|Previous Section||Index||Home Page|
On amendment No. 15, I am not sure why the hon. Member for Braintree and others consider it necessary to include a specific provision for dealing with premises where the occupant is known to be a single woman, in
the sense of a woman alone. What about protecting women who are not known to be on their own? The distinction is arbitrary. The process is not intrusive in the way that searches by police officers are. We are talking about a bailiff knocking on the door and presumably, as a rule, seeking walking possession. That is not about personal searches or anything that requires gender-specific treatment, so we think there is no need for the amendment. The training requirements will include training in how to identify and deal with vulnerable and potentially vulnerable debtors.
After consultation, and if it is considered appropriate, regulations made under paragraph 24 of schedule 12 will reflect those parts of the national standards that state that, on discovering that the only person on the premises is a child, the enforcement agent should withdraw immediately, without making further inquiries. If those regulations were breached, remedies would be available under paragraph 66 of the schedule. That would put that part of the national standards into a higher, more immediate category, and a separate code of conduct and separate responsibilities to comply with the code would therefore become unnecessary.
Our proposals go beyond what amendment No. 41 is designed to achieve. In particular, the status of the guidance issued by the Lord Chancellor and the sanctions that would be available if an enforcement agent chose to ignore it are not clear. Concepts such as vulnerability are difficult to put in statutory terms, and generic definitions would make it difficult to predict who would fall into the vulnerable category. What is important is good character, accredited training and getting people who do not behave properly or understand their responsibilities out of the business entirely.
Amendments Nos. 1, 2, 12, 19 and 36 are about exempt goods and are similar to amendments that were debated in Committee. Our intention is that both the general definition of exempt goods and the specific list of goods themselves will be clearly set out in regulations. The hon. Member for Braintree will remember that during the Committee debate, hon. Members suggested a number of goods that, thanks to technical innovation, are now considered to be essential to a debtors livelihood. That made the point that any list put into statute could never be exhaustive because circumstances change.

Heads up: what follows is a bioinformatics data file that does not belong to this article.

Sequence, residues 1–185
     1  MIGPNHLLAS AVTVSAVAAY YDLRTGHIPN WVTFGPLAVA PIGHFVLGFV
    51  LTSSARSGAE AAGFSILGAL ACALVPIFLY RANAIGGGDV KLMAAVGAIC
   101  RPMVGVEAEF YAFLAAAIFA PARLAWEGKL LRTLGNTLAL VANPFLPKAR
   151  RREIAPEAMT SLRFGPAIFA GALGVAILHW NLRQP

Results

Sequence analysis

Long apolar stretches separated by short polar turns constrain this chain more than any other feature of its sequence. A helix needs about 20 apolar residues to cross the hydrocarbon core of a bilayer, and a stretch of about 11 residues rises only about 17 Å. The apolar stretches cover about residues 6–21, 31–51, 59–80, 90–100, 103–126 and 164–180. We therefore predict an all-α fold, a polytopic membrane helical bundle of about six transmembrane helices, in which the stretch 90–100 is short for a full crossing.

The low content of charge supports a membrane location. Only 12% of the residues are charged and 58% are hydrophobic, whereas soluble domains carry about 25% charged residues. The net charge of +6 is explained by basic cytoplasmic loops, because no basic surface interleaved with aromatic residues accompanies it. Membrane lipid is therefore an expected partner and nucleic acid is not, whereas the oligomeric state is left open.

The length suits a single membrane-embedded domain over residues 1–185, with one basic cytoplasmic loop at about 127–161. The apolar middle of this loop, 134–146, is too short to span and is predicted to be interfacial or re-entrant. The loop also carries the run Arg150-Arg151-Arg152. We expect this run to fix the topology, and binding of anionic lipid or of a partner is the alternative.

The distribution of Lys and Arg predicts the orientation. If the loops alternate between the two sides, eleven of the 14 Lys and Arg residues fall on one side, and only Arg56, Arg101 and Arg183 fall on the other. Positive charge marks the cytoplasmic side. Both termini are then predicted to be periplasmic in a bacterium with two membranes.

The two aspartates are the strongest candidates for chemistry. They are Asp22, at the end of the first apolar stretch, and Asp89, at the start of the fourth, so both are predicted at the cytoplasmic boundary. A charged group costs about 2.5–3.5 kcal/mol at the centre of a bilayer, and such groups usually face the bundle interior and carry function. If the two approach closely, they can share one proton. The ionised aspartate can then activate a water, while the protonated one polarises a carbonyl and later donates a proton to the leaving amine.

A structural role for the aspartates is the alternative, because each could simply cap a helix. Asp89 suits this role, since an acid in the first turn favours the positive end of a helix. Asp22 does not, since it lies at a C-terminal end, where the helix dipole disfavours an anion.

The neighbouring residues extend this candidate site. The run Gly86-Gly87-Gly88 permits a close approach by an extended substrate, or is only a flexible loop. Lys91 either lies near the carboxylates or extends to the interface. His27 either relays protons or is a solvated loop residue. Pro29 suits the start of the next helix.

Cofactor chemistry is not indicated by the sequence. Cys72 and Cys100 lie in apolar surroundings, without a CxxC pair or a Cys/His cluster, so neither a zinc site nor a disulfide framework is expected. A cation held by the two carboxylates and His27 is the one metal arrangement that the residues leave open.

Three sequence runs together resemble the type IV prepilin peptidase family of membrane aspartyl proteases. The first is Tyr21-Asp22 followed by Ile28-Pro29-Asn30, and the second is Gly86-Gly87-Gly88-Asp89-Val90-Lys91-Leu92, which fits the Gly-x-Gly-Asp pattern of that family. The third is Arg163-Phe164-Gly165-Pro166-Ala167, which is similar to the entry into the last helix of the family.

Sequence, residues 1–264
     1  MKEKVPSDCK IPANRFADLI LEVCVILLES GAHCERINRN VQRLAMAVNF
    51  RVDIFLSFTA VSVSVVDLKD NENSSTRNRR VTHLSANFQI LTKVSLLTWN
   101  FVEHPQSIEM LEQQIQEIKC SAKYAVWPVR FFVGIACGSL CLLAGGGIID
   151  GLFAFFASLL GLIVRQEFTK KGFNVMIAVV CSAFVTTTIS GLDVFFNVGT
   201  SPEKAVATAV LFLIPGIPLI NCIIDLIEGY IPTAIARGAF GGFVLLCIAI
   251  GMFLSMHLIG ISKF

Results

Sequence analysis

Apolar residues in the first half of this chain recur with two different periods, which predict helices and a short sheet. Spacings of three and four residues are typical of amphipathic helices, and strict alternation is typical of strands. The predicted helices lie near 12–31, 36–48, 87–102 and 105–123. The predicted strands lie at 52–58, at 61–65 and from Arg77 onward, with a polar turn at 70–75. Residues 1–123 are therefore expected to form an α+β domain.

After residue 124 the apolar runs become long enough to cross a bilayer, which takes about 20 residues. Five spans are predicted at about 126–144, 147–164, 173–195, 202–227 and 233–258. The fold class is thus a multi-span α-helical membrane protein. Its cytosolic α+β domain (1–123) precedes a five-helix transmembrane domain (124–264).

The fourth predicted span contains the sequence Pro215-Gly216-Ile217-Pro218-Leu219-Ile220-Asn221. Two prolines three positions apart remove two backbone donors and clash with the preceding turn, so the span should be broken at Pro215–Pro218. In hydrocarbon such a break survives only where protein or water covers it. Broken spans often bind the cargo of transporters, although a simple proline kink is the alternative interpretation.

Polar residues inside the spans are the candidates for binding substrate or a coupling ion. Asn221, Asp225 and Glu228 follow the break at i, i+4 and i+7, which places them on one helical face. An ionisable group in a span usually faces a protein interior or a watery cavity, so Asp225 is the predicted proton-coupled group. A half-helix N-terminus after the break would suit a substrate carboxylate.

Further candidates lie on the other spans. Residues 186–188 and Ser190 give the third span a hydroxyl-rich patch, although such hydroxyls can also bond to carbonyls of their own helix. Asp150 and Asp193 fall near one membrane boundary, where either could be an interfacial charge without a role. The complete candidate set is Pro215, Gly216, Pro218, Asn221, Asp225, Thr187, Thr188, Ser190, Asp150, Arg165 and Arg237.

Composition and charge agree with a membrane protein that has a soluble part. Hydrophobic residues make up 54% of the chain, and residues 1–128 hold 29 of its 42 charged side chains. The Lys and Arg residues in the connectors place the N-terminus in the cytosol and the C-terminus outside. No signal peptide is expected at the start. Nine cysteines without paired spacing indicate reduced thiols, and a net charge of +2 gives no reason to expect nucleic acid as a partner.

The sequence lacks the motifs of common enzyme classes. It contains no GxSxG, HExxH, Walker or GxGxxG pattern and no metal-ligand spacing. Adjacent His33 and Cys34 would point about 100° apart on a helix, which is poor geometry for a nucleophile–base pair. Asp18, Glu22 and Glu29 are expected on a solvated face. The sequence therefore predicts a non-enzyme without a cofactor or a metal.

Furthermore, to change a statute takes a lot of parliamentary time. A regulation made under a statute carries just as much statutory authority: it is the lawnot in exactly the same way, but just as patently as if it were statuteyet it can be refined, tidied up, added to and taken away from far more easily than amending a statute, which would occupy parliamentary time which, to be frank, ought to be occupied by much more high-level matters. Appropriate scrutiny is available for the list, but as I understand it, the hon. Gentlemans concern is not about the contents of the list, but about where the list is putinto which document. Our clear view is that regulation is the right place for it.
The hon. Gentleman will also remember that when an amendment suggesting a list of goods was debated in Committee, we looked at the list in the policy
statement that we issued some time ago stating how we would use the powers in the Bill and found some differences between the two lists. That made the point that if we make a list, someone will have a bright idea about an item that should be added to it. What is proposed in the amendment is far too rigid [ Interruption. ] The hon. Gentleman says, Okay.
I understand that hon. Members have concerns about debating the provisions in advance of seeing the regulations, but the policy statement fills that gap. In paragraphs 133 to 136 of that statement we set out the goods that we currently think should be exempted, and they include tools of the trade.
Under amendment No. 25, a debtor would have to sign a form stating that notice had been received before goods could be taken away. I understand the concern, but it would enable people to thwart efforts to take control of goods by declining to sign the form. That would undermine the remedy, which is quite a good one.
Vera Baird: My hon. Friend says that, but my response to his amendment No. 69, which would oblige post to be sent by recorded delivery, is that a person could easily thwart the whole process by refusing to sign the receipt for the recorded delivery. Other court notices are not sent by recorded delivery. Ours, at least, will by sent by first-class post, but many such notices are sent by second-class post. On amendments Nos. 16 to 20, a controlled goods agreement can be signed by a person other than the debtor; I think that that is clear.